And what of the plan being put forward now? As crafted, it is unlikely to produce the desired results. For a similar amount of money, the government could essentially cut the payroll tax in half, taking three points off the rate for both the employer and the employee. This would put $1,500 into the pocket of a typical worker making $50,000, with a similar amount going to his or her employer. It would provide a powerful stimulus to the spending stream, as well as a significant, six percentage point reduction in the tax burden of employment for people making less than $100,000. The effects would be immediate.The whole excuse for this absolutely huge spending bill is that we need to get lots of money into the system as fast as possible because people are afraid to spend their own money. And we need to get that money into the system fast and that's why we needed to evade the normal procedure for marking up a bill in committee and why we needed to go outside the normal budget procedures. But then they came up with a bill that spreads the spending out so that a relatively small percentage of the spending in the bill would take place this year or even next year. So it's not stimulus but typical spending on Democratic priorities. If what they were concerned with was stimulus they would be looking for ways to get that money into the system now and not after 2012. A cut in the payroll taxes would do that so much more efficiently than the present bill.
By contrast, the stimulus now under consideration would suffer from the usual problems of government spending. The Congressional Budget Office and the Joint Committee on Taxation have calculated that only $170 billion, or about one-fifth of the $816 billion package will be spent in fiscal 2009. An additional $356 billion will be spent in 2010. That leaves $290 billion to be spent when even the most pessimistic forecasters think the economy will be in recovery mode.
Some of the longer-term investment projects proposed are quite worthy; some are not. Either way, they are not stimulus. The administration and the Democratic congressional leadership claim that the infrastructure projects, mainly carried out by state and local governments, are "shovel ready." In fact, the legislation gives states a full year to merely sign a contract to begin spending half the money, and another year to sign a contract to spend the second half. As anyone who has ever dealt with a contractor knows, the money tends to be spent months or years after the contract is signed.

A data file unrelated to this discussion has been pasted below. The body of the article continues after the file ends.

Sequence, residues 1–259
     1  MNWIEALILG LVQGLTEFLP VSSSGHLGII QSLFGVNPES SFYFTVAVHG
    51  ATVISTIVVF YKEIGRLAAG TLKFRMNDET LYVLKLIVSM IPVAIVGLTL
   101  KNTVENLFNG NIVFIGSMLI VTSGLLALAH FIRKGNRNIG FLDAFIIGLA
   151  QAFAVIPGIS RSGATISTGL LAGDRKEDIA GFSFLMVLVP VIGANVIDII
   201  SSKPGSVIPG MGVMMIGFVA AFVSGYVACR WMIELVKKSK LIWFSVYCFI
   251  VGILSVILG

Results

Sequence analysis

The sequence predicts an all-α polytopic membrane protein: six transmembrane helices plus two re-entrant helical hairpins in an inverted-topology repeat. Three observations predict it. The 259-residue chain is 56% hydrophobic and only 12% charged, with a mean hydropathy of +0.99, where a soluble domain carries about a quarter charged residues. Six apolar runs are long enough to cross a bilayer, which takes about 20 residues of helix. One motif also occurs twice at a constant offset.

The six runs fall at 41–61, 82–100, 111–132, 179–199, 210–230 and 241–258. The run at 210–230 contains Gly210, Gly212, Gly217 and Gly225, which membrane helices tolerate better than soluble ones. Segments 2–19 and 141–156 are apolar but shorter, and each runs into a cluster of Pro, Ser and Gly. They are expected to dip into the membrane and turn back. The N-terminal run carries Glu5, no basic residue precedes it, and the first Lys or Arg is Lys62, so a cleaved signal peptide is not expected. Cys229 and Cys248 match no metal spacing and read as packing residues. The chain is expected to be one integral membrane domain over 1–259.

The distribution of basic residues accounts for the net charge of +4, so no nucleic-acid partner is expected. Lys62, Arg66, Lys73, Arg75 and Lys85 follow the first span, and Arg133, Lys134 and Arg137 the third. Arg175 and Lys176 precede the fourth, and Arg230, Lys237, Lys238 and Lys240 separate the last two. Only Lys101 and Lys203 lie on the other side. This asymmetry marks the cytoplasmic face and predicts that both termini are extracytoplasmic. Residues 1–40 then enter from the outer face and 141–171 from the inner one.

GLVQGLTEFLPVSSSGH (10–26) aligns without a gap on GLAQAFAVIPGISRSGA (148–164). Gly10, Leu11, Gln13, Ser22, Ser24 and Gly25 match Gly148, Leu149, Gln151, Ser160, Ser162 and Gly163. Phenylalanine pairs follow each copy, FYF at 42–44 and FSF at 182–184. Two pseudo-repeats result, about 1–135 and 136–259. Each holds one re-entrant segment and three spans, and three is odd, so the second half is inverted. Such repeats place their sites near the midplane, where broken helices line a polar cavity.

Whatever they decide to do, perhaps they could follow the advice of Alice Rivlin, Clinton's budget director.
In testimony before the House Budget Committee yesterday, Alice M. Rivlin, who was President Bill Clinton's budget director, suggested splitting the plan, implementing its immediate stimulus components now and taking more time to plan the longer-term transformative spending to make sure it is done right.Is she being partisan or just advocating some common sense?
"Such a long-term investment program should not be put together hastily and lumped in with the anti-recession package. The elements of the investment program must be carefully planned and will not create many jobs right away," said Rivlin, a fellow at the Brookings Institution. The risk, she said, is that "money will be wasted because the investment elements were not carefully crafted."